Addressing the privacy concerns of these augmented games is important. Not least because the popularity and broad demographic appeal means significant volumes of data can be harvested. That’s a trait that is not unique though to these apps. Many other apps can and do collect large volumes of location and other user data – even those that do limit location data collection to when they are in use, which are still in the minority.
The rules in Europe do require information, such as that which the senator is calling for, to be provided to users, so they can make an informed choice when they download the app and start to play the game. Particularly where games and other apps can be downloaded and played by children, presenting the information in a timely way, and in language which is readily understood, with an effective consent mechanism can be challenging. Even when it is provided it is often simply clicked through anyway – which begs the question of how effective this is.
The tendency to click through terms and conditions is one of the reasons why rules being tightened as part of the new General Data Protection Regulation include data minimisation and purpose limitation, along with clear notice and consent mechanisms, and tighter parental consent requirements. Nonetheless, even these new rules won’t act as a complete bar on secondary usage and the analysis of data or its use for profiling purposes. Nor should it. A lot of the secondary usage will often relate to benign activities in aggregated anonymised pools to improve the product range. Some, however, could result in profile data sharing.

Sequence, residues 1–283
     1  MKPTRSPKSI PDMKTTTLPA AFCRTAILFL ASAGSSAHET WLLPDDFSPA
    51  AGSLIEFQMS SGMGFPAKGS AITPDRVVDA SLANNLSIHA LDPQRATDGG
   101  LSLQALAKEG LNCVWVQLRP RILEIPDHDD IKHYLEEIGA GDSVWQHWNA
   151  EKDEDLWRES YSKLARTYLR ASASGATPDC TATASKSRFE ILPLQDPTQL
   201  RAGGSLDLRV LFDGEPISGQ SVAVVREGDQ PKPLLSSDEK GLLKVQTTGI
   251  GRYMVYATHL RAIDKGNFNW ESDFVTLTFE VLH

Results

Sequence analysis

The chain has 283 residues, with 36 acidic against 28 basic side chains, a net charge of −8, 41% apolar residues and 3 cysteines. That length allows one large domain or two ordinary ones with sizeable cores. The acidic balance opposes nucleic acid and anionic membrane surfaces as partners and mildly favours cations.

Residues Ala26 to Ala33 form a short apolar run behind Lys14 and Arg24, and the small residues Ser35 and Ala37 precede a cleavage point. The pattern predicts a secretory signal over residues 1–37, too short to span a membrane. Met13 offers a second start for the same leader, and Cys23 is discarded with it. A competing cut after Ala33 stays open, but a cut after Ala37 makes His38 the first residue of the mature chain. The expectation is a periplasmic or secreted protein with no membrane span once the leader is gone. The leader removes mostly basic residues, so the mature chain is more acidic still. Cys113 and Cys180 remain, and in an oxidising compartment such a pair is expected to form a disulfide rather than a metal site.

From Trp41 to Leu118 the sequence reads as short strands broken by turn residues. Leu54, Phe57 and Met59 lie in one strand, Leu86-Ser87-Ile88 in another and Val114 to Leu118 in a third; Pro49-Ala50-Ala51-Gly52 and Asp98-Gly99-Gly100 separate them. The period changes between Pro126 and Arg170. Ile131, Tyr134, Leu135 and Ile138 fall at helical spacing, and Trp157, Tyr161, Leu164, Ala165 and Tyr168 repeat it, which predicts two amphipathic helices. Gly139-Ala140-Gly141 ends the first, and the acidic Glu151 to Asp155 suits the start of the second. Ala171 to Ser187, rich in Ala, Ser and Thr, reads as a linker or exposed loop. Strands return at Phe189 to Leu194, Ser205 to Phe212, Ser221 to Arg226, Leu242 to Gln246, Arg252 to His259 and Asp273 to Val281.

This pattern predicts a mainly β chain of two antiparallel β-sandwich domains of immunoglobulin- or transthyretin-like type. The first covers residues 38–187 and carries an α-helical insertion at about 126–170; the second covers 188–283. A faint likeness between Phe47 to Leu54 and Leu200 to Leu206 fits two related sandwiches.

Setting standards for transparency is important, but so is encouraging people to read these notices when they are provided and reflect on whether they are comfortable with allowing this information about themselves to be collected in exchange for the fun or utility from playing a free game or using a free app. The challenge is as much about education as it is about rules and legislation.